Banner of COVID-19 Updates

Mask Policy, Updated November 8, 2021

Mask wear is required indoors throughout DM regardless of vaccination status. 

When do I not have to wear a mask on base?

In accordance with the Secretary of Defense and the Secretary of the Air Force’s exception criteria, mask wear is not required under the following circumstances:

SECAF

  • When outdoors and proper physical distancing can be maintained
  • When actively participating in physical fitness activities either indoors or outdoors and either proper physical distancing is maintained or additional measures are implemented to mitigate the threat of transmission
  • When necessary to reasonably accommodate a religious belief
  • When underlying health conditions that prohibit the wear of a face covering exist and the individual is in possession of medical documentation from a health care provider outlining such a condition and the restrictions the condition places on wear of a face covering
  • When an individual is alone in a vehicle or is sharing the vehicle only with members of their household
  • When use substantively interferes with the proper wear and use of personal protective equipment necessary for the accomplishment of one's military duties
  • When personnel are in primary aircrew positions during critical phases of flight or emergencies; or when using flight crew oxygen equipment
  • When clear or unrestricted visualization of verbal communication are essential to safe and effective operations

SECDEF

  • When an individual is alone in an office with floor-to-ceiling walls with a closed door
  • For brief periods of time when eating and drinking while maintaining distancing in accordance with CDC guidelines and instructions from commanders and supervisors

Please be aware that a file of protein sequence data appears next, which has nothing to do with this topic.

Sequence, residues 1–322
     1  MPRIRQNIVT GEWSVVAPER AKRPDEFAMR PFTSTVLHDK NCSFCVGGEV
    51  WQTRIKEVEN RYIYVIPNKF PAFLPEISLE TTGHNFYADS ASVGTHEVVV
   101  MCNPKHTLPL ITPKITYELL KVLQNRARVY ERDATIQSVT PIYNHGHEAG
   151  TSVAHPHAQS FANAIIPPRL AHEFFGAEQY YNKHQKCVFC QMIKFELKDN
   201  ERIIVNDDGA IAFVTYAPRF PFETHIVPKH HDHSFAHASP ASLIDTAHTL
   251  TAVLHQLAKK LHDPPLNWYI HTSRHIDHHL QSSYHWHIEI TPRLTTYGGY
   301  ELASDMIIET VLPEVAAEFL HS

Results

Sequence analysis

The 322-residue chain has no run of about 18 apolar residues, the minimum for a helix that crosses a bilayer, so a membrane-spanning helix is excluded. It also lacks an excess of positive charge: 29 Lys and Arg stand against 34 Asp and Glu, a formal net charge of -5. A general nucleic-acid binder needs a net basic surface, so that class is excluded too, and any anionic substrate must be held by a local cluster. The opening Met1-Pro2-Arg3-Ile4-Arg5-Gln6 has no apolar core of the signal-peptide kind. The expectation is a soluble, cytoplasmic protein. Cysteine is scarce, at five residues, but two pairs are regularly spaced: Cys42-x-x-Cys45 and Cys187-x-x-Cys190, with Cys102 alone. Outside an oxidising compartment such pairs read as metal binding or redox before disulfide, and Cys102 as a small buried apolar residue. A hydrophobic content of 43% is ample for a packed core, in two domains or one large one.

• When the mask is required to be lowered briefly for identification or security purposes
  • When necessary to reasonably accommodate an individual with a disability

DM COVID-19 Vaccine Administration

 

COVID-19 VACCINE INFORMATION

Secretary of the Air Force Frank Kendall directed COVID-19 vaccine implementation guidelines for Active Duty Airmen to be fully vaccinated by Nov. 2 to help ensure their health and safety, while preserving force readiness. Air National Guard and Air Force Reserve personnel are required to be fully vaccinated by Dec. 2.

Vaccine Resource Center from the Military Health System has information on policies and forms required.                                                                   

Where Can I get a Vaccine? gif

Quick Answers to Frequently Asked Questions on the COVID-19 Vaccine and Mandate:

  1. Should I get vaccinated for COVID-19?  Yes. The vaccine will help protect you from getting COVID-19. If you still get infected after you get vaccinated, the vaccine may prevent serious illness. By getting vaccinated, you can also help protect people around you.
  2. Will I have a choice in which COVID-19 vaccine I receive?  Yes. Airmen and Guardians who elect to accept the mandatory vaccine from a Military Treatment Facility will receive the Pfizer-BioNTech Comirnaty COVID-19 ® vaccine which was formally licensed by the FDA on Aug. 23, 2021. Airmen and Guardians may also choose to receive Emergency Use Authorization COVID-19 vaccines or the Pfizer-BioNTech Comirnaty COVID-19 ® from civilian providers. There are numerous off-base locations available for vaccination. If an Airman or Guardian decides to receive (or has already received) the vaccine from a civilian provider, they should receive and submit documentation to their Immunization Clinic to update their immunization record.